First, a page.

This context makes it easy to see how similar are the goals of public health professionals and clinicians. Public health and clinical medicine are not totally different disciplines, but rather groups of professionals working in different places, and in different ways, toward the same ends. Public health training gives clinicians a new set of eyes and a new set of tools with which to expand their ability to improve the health of the public. The health care leaders of tomorrow will be people who can think BOTH in terms of individuals (as taught by the medical school) and in terms of groups (as taught by the School of Public Health).
A clinician who has earned an MPH degree can begin to improve health beyond the medical encounter. He or she can work with others in the community (including public health professionals and community members) toward preventing disease and improving health in various venues, and in various ways. The MD-MPH clinician will play an important role, in concert with others, in understanding and beginning to solve health problems on local, state, national, and global levels.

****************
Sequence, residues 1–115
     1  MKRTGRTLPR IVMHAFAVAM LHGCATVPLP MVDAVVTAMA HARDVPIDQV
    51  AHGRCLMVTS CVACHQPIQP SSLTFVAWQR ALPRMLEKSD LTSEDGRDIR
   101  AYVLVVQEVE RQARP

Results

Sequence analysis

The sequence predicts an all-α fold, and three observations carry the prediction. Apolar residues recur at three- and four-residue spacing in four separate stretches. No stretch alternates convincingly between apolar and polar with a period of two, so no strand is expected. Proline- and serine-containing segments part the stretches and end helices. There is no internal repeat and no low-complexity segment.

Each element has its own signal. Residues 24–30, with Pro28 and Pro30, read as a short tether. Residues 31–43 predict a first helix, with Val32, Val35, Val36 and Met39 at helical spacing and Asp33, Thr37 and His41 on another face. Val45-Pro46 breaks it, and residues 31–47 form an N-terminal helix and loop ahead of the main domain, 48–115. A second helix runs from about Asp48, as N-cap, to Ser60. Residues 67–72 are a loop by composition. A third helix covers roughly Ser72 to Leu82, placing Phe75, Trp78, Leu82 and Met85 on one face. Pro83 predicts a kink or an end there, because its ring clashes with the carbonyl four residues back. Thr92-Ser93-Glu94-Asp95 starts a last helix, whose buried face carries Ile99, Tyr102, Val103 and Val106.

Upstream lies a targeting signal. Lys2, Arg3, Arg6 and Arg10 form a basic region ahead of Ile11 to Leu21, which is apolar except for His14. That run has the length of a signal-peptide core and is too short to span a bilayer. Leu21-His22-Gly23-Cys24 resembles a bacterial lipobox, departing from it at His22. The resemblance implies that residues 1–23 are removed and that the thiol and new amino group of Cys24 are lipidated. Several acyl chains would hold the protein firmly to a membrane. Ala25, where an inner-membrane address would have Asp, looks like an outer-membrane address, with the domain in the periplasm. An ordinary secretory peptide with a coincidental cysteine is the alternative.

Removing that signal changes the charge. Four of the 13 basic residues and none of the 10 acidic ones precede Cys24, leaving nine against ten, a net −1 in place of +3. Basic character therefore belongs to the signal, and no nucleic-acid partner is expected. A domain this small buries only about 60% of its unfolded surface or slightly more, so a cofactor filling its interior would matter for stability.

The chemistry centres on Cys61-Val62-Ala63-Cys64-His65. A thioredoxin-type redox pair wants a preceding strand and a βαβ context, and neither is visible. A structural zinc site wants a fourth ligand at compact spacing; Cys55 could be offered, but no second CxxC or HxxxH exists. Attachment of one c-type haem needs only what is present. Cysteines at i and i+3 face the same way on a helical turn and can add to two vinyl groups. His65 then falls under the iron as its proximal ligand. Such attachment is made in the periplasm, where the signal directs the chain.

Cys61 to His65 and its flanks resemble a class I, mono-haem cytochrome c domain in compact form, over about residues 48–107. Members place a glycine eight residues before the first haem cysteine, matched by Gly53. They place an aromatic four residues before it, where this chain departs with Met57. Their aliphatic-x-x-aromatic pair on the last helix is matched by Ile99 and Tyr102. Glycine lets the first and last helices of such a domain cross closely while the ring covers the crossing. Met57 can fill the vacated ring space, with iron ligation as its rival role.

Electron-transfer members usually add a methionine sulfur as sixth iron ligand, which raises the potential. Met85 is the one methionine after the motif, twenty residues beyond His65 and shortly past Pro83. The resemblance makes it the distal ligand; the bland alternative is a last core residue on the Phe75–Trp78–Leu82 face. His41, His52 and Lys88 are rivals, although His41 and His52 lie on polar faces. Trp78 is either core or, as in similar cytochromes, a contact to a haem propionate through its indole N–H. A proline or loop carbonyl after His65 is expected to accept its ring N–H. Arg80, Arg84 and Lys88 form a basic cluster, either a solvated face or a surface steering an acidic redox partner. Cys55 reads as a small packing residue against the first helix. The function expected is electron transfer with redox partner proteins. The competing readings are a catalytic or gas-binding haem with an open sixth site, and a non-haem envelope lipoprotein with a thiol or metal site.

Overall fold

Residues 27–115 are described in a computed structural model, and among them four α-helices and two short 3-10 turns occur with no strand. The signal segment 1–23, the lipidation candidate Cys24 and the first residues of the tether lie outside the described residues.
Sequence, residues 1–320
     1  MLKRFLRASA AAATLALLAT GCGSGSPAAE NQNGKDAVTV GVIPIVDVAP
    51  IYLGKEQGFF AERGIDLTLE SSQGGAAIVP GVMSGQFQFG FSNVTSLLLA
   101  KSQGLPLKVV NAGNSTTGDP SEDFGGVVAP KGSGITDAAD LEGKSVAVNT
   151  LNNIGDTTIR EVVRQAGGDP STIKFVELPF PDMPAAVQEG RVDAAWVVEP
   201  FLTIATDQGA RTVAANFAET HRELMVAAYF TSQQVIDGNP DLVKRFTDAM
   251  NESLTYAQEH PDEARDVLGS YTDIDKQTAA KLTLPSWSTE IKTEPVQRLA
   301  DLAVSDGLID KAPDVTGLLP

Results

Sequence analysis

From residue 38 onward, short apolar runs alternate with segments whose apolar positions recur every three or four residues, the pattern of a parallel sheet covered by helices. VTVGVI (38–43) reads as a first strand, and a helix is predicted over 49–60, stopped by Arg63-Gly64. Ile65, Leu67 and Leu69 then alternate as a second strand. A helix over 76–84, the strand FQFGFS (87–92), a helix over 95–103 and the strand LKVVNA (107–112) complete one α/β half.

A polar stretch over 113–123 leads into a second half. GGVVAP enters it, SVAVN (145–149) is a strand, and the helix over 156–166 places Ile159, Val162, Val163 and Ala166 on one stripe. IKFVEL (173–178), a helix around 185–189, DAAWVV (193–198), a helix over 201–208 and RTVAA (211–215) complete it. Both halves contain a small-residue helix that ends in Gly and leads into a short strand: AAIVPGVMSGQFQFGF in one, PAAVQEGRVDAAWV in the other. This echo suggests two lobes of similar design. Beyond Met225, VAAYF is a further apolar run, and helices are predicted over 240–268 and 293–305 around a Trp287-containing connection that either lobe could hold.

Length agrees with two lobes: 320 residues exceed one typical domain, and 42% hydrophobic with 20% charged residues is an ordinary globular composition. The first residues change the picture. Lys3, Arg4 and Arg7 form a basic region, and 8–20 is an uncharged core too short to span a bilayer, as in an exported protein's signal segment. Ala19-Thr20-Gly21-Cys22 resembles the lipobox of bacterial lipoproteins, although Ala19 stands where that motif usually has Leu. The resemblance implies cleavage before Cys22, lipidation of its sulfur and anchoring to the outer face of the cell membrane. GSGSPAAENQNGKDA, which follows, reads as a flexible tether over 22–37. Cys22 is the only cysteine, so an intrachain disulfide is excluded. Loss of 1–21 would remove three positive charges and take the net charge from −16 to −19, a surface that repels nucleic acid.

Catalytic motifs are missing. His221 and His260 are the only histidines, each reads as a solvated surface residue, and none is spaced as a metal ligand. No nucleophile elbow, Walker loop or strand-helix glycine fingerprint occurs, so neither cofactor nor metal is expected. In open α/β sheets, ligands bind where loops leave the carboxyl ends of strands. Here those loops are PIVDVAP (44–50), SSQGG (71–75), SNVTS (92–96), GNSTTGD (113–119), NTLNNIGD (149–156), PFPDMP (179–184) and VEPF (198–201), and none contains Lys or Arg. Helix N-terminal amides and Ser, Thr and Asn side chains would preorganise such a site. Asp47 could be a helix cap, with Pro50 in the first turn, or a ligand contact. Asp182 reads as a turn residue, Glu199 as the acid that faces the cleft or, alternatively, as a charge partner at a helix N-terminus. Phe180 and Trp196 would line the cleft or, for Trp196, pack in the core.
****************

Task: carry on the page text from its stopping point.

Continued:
3. Training to participate in clinical research
People often assume that the MPH degree is primarily a research degree. The fact is that many people earning an MPH never intend to conduct clinical research. Yet the MPH can also be the beginning of a career with a primary focus on clinical research or a career focused primarily on patient care or teaching, but with opportunities to join in research projects. Just as the MPH teaches critical appraisal of the health care literature (thus making one an informed consumer of research evidence), and teaches a systems perspective on health care (thus making one an effective leader in the health care system), the same training also teaches one how to develop new evidence that is valid, reliable, and useful.
The MPH curriculum is flexible. Clinicians interested in conducting research in such areas as clinical epidemiology, treatment, risk factors, health policy, or health services organization (among other areas) can take courses that prepare them for these types of careers. Indeed, it is difficult for many young clinical researchers to establish themselves as researchers without an MPH or similar training. Thus, although an interest in conducting research is NOT a prerequisite to earning an MPH, an MPH is a terrific entrée into the research arena.
Earning an MPH degree gives a clinician three broad new sets of tools for integrating the perspectives of medicine and public health. The MPH degree produces clinicians who understand the connections between the health of their individual patients, the health care systems through which they deliver care, and the health of the broader communities – and the world – in which they and their patients live.